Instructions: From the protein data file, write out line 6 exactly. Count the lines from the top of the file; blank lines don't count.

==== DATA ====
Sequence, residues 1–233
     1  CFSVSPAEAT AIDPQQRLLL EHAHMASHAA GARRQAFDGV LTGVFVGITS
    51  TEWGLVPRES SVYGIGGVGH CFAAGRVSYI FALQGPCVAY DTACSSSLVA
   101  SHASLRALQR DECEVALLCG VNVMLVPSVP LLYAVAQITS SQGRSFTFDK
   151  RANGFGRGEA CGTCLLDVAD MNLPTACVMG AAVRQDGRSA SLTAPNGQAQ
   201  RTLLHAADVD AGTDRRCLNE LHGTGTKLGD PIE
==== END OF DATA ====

   201  RTLLHAADVD AGTDRRCLNE LHGTGTKLGD PIE